Particularly when you own a Prius, not a truck.

Once you calculate the volume for your beds, it's time for more math.

I'm sorry.

When building raised beds, there's an excellent formula to use to ensure you're making good, rich soil for your plants. If you follow

Square Foot Gardening

, the author claims it as his own mix--and has even named it for himself.

Interesting. I learned the formula in Master Gardener class years ago, and no one tried to claim a copyright.

The mix is a rule of “thirds”: 

  1/3 peat moss

1/3 vermiculite

  1/3 compost.

Peat moss is typically used to provide a light, airy texture to heavy soils. Compost provides nutrients and microorganisms for your plants' health, and vermiculite helps to retain moisture.

Using several forms of compost provides diverse nutrients to the soil. I'm using our homemade compost, comprised of decomposed kitchen scraps, leaves, chicken manure, and grass clippings, as well as purchased mushroom compost. (And I may try to load up the Prius with well-rotted horse manure from

Bramblewood Stables

, where the kids ride. But we'll see. I may not be brave enough to have it in the new car, even if it's in a covered container.)

So, by rules of “thirds,” I calculated what I needed:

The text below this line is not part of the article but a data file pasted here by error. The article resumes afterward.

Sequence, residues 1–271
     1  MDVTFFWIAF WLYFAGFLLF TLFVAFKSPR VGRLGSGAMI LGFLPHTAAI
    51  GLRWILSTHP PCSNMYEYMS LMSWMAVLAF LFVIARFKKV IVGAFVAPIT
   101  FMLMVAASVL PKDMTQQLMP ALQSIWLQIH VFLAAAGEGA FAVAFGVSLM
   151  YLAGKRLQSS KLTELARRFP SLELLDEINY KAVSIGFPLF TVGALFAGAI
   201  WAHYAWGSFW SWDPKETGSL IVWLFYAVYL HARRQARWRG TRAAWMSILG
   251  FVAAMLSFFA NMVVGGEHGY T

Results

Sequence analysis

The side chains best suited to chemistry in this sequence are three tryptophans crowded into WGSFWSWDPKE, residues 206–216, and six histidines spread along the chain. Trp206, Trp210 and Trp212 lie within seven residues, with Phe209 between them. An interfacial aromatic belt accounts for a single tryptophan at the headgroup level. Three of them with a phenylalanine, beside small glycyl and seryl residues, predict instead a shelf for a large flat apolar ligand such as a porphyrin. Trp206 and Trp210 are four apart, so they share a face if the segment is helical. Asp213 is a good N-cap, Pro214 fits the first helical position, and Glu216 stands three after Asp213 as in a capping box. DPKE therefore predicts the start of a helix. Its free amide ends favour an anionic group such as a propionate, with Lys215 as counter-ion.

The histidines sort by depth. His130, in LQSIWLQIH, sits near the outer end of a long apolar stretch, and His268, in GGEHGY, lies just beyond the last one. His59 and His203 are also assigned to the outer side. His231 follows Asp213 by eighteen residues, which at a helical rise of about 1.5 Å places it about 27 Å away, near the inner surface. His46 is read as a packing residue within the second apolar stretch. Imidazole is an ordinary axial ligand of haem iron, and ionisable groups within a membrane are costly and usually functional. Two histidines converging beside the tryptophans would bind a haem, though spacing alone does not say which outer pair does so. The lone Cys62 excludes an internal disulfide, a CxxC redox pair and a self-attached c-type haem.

40 cubic feet of peat moss40 cubic feet of compost40 cubic feet of vermiculite

Armed with my list, I went to my favorite feed and seed store and stocked up.

Did I mention that I drive a Prius?

As soon as I made the purchase, I drove straight to one of the big box stores to rent a truck to haul my loot home.

Hooray! The truck was waiting in the lot!

Despair! Someone just rented it.

Have I mentioned that I've never driven a truck?

Oddly, I was strangely excited to drive the truck. Perhaps it was the empowering notion that I could follow through on one of my wacky plans without Peter needing to intervene and save me.

The rental person assured me that the truck would be back in 1-1/2 hours. This was at 9 a.m.

By noon, I panicked. Still no truck.

Thank goodness for friends who know of my crazy plans. And thank goodness for my friend Brandy, who volunteered her husband and son to pick up and deliver my stash.

And, honestly—thank goodness that I didn't have to unload the truck!

Seriously. There are good people in this world.

Now, though, my task today is to move this pile to the back garden.

And fill those lovely, Swiss engineered raised beds.

By tonight, after a day of hauling and mixing soil, I'm certain I will be able to fit into my skinny jeans.

(Oh wait. I think I gave them away.)

Wish me luck! I'm determined to get the soil ready so we can PLANT.

It's time to play in the garden!

Do you garden in raised beds? In containers? In the good ol' Earth?

Stay tuned...I'll let you know tomorrow if I can still walk...

Happy Gardening!

XO ~

Julie

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tagged under: compost, friends with trucks, garden plans, Growing gardens, kitchen garden, organic gardening, peat moss, Prius, raised beds, soil disease, square foot gardening, vegetable gardening, vermiculite